What is a Luau?
Attending a luau (Hawaiian: lū'au) is on the to-do-list of many Hawaii visitors. But what exactly is a luau? For Hawaii's people, it is a way to celebrate a variety of occasions, such as a birth, birthday, successful harvest, graduation and many other occasions. A luau is a feast of life. It can be held at a family's home or a park in form of a huge family gathering, with lots of traditional luau foods and games.
If you're visiting Hawaii and don't have a big ohana (family) here, you can visit one of the organized luaus,
which are held for visitors and locals alike. This celebration features traditional Polynesian foods, music, dances and games. You will also have the chance to learn about the culture of Hawaii and other Polynesian island nations.
Typical events that take place at organized luaus include the imu ceremony (roasting of the kalua pig in a traditional underground oven), hula and other Polynesian dances, lei making lessons, Hawaiian storytelling, a royal court procession, hukilau on the beach demonstration (a traditional fishing method) and other games, as well as a show after dinner. Each organized luau is different and features unique events. Some luaus may not include games at all and instead focus on the food and musical performance only. All luaus include a luau dinner and drinks. Organized Hawaiian luaus are offered on Oahu, Maui, Kauai and the Big Island.
In the ancient Hawaii, a luau was celebrated for special occasions, much like today. What was different back then was that it was taboo for men and women to dine together. Also, the dining took place on the ground on lauhala mats (leaves of the hala tree weaved together). There was no silverware or other utensils. People ate with their hands. One of the traditional foods was poi, made from taro roots that were cooked or baked, pounded to a paste and then fermented (much like it is made today). Poi can either be three-finger, two-finger, or one-finger poi, depending on the amount of fingers needed to eat it (depending on its consistency). One-finger poi has the thickest consistency. Other traditional luau foods were dried fish, pork (cooked in the imu or underground oven), sweet potatoes and fruits.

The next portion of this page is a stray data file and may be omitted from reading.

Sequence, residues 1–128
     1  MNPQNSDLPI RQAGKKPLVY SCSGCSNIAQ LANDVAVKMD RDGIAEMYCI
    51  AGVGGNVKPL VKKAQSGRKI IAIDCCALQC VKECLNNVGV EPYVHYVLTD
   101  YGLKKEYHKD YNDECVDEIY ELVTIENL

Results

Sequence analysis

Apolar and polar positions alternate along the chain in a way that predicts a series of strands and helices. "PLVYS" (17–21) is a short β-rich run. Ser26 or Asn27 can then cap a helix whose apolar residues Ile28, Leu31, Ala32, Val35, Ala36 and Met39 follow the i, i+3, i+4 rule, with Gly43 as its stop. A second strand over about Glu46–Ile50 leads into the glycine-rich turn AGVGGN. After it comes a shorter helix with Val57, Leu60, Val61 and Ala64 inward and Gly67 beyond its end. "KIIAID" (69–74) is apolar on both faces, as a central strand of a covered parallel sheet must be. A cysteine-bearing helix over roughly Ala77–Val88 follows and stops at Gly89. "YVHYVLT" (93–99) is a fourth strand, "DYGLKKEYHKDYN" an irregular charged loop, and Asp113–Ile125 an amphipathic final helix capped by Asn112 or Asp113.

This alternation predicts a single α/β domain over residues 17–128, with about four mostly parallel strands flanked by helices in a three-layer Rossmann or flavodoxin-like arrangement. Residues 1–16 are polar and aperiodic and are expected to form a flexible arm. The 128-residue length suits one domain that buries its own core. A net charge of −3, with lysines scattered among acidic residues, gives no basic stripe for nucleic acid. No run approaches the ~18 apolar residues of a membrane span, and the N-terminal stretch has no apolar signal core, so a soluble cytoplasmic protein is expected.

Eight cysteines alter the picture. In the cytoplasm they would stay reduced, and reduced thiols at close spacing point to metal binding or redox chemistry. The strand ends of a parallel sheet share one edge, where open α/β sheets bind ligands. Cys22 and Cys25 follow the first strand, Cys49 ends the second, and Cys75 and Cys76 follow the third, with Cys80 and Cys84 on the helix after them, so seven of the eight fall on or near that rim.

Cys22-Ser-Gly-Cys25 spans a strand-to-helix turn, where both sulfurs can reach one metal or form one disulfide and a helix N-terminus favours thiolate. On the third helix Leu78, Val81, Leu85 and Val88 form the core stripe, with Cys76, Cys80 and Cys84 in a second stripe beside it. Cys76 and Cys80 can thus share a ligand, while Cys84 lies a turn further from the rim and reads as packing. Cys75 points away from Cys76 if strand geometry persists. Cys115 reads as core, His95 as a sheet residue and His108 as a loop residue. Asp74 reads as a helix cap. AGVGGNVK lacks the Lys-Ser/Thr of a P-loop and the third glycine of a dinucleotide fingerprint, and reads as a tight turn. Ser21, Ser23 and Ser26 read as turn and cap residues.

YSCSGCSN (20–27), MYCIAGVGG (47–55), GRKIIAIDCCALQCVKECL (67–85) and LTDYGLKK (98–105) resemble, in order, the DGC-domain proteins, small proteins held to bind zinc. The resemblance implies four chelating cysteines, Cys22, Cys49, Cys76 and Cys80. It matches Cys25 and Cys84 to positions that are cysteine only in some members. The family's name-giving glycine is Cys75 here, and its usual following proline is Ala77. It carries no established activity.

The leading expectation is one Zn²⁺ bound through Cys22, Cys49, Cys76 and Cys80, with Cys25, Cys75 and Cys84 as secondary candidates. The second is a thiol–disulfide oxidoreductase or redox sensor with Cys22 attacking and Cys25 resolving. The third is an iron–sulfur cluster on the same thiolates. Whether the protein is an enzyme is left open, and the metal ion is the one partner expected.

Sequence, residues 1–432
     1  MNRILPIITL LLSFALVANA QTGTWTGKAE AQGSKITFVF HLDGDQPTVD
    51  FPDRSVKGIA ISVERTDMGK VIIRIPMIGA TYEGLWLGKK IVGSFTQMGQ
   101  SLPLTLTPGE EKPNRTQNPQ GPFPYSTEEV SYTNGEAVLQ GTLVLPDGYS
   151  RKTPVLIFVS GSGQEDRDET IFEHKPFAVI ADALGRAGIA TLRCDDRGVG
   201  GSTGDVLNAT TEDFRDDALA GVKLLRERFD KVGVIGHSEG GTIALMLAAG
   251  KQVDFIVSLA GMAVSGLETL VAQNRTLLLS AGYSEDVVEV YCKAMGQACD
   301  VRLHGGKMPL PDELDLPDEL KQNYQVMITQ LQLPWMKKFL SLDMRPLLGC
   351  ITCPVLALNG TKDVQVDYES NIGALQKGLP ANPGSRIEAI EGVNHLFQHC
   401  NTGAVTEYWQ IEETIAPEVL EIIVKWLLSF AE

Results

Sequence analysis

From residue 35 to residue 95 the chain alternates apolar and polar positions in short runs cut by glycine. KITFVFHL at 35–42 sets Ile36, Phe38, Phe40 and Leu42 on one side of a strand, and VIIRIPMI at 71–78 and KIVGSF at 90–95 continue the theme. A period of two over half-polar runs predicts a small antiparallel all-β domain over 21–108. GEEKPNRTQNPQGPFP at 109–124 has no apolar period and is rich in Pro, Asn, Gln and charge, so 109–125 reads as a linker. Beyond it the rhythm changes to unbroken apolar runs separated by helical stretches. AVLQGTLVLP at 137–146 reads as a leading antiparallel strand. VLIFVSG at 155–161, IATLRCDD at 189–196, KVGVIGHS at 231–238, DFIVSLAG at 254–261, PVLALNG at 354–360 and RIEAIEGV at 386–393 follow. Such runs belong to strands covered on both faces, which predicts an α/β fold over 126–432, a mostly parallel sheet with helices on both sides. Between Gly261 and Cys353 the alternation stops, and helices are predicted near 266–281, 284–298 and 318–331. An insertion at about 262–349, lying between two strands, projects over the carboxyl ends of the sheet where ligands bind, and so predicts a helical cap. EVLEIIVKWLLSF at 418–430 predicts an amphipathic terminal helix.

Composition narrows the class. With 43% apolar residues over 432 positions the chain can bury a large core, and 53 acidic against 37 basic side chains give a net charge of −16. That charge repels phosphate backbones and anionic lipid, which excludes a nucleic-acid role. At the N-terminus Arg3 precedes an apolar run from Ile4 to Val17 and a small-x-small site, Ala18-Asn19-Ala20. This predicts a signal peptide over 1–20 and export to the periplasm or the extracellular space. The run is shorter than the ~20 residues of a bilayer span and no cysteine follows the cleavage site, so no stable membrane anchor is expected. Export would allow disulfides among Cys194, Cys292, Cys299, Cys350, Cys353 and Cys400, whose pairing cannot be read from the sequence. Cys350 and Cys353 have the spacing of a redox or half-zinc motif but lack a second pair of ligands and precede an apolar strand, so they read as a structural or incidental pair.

In the old Hawaii, this important feast was called 'aha'aina ('aha – gathering and 'aina – meal). In 1819, King Kamehameha II ended long-time traditional religious practices. He also started feasting together with women for the first time, thereby ending this Hawaiian religious taboo. Shortly after, the name lū'au replaced 'aha'aina. The new name luau actually means “young taro tops” in the Hawaiian language. The new name comes from a traditional dish that is usually served at a luau, which includes taro leaves with coconut cream and chicken or octopus.